A few weeks ago I was fortunate enough to be able to spend a long weekend in Southport. As is the case with Southport the tide was out for the duration of my stay, so instead of paddling in the sea I attended the General Assembly of the United Reformed Church.
It is said the General Assembly is like the Church Meeting for the whole denomination. Thankfully, I have never encountered a church meeting in Dyserth lasting for 4 days, nor have we ever had over 400 people in attendance, but in other ways the Assembly in Southport did display some similarities.
As we worked through the agenda it revealed that the concerns of the local church were very much alive in the business of the General Assembly. Here are a few examples that were evident in some of the debates and presentations that took place.
We demonstrated that we are a church that cares. For example, we expressed our solidarity with migrants and refugees and our concern about implications of Brexit for those working in the UK. We discussed the situation in Israel and Palestine. We adopted an updated environmental policy, and perhaps most notably completed the process which began two years ago to allow those local churches who wish to conduct the marriage of same-sex couple to do so.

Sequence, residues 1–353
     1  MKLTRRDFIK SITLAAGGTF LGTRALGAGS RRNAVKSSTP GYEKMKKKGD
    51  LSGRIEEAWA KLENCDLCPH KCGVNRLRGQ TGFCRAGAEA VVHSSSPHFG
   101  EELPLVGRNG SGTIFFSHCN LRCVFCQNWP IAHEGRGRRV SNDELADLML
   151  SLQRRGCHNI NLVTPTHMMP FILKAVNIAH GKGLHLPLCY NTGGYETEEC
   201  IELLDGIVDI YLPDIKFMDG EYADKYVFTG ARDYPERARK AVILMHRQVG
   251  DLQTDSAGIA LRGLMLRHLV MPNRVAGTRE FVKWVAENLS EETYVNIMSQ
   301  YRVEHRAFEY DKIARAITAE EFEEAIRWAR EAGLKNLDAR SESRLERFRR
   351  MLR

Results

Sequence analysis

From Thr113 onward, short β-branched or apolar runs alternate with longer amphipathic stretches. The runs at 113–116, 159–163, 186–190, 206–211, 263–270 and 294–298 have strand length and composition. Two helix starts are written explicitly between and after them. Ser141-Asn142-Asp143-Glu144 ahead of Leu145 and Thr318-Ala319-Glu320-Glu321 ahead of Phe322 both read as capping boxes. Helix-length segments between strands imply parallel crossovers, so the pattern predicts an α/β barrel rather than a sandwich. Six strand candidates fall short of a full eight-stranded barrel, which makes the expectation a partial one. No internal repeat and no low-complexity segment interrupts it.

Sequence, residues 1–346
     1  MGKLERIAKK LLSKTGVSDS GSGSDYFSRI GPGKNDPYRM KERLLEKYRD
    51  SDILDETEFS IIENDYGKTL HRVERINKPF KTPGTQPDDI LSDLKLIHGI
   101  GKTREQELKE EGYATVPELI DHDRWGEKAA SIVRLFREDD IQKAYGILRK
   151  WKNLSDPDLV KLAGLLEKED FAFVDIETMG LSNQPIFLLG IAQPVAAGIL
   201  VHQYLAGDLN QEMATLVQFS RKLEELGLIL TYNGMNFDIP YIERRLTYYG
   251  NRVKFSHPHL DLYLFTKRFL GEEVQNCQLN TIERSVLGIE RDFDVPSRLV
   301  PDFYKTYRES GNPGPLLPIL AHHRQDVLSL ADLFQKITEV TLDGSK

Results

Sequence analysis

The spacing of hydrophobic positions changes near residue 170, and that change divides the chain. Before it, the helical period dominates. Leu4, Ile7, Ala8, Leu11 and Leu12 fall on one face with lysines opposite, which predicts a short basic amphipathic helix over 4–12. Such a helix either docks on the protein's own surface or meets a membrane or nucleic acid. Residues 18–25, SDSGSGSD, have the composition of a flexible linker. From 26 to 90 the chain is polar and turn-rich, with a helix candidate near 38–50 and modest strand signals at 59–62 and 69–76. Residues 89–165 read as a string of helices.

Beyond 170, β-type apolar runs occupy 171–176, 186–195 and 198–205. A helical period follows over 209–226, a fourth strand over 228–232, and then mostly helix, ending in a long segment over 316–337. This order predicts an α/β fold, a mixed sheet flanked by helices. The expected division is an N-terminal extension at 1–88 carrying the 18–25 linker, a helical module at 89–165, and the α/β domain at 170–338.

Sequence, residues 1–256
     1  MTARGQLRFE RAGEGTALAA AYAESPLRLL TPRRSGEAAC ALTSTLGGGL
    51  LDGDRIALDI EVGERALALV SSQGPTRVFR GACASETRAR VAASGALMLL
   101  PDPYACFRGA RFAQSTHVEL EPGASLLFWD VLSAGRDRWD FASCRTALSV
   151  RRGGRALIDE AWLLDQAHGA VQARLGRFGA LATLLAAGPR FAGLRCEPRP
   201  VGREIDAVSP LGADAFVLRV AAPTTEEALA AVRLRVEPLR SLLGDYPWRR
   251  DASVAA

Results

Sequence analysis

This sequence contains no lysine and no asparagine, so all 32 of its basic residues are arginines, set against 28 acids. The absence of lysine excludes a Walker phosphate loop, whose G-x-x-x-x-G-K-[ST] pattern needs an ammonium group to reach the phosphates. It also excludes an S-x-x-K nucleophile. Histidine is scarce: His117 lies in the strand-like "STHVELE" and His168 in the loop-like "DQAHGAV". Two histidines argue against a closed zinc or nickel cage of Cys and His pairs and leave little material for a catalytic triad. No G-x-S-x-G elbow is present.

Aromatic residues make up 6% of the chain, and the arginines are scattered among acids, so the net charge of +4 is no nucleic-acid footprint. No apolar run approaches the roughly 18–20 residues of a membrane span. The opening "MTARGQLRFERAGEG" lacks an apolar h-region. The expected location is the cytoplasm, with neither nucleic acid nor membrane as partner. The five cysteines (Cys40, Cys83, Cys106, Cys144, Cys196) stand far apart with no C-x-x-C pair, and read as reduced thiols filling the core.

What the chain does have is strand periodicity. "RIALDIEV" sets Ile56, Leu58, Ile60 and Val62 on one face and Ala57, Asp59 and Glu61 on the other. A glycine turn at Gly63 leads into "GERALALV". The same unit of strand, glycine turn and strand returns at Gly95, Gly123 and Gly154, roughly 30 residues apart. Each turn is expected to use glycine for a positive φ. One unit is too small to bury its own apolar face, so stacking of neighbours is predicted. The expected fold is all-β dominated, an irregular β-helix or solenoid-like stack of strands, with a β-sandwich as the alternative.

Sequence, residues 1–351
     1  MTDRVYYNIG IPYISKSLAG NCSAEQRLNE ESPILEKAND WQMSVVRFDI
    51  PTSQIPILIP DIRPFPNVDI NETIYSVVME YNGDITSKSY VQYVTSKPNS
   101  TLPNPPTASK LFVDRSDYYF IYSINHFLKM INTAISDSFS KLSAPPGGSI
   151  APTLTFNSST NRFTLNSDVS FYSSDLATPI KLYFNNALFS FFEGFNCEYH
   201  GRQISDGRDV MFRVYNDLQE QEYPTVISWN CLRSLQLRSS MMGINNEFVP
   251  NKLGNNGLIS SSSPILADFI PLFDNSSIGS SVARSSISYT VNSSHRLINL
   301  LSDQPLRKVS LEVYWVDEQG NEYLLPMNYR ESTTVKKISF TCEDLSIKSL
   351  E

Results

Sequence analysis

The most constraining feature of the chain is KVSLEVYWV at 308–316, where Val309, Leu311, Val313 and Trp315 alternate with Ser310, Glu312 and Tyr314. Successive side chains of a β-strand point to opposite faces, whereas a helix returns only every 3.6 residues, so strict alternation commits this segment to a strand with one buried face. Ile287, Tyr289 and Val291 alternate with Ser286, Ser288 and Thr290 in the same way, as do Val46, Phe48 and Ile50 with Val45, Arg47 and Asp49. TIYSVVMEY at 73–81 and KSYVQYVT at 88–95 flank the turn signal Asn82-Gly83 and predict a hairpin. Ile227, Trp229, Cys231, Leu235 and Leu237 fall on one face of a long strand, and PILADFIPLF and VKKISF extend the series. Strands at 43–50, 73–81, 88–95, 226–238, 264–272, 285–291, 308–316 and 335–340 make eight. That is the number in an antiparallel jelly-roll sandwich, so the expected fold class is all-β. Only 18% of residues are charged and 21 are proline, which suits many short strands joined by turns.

It was also evident that we are a denomination that is struggling. As with the local church we agonised over numerical decline and lack of resources – human as well as financial. We also struggled at times to hold together our differences in theology and expectations. All this meant that we found it difficult to look to the future in confidence and faith although there were many signs of hope, not least in the representation and contributions from the under 25s reps who were present.
And as with most gatherings of the wider church we demonstrated that we are a church that likes to celebrate together. We celebrated our faith in moving and meaningful worship. We celebrated our place in the family of Reformed churches across the world. We celebrated our diversity as people of faith but also our one-ness in Christ as we shared communion on the Sunday morning.
Assembly began with the induction of the new Assembly Moderators – one of whom is the Revd Kevin Watson, who was minister in Dyserth and Rhyl in the 80s. The Moderators’ theme for Assembly and then for their two years of service is ‘People of the Way’. I’m sure that Kevin will say more about this when he visits Dyserth in October, but for now it reminds us that whoever we are, we are all People of the Way, travelling together. This remains true whether this be at General Assembly, in our 13 Synods or in the local church which, after all, is the place from which all of us express our faith most often.
You can read more about the General Assembly and other URC related news at www.urc.org.uk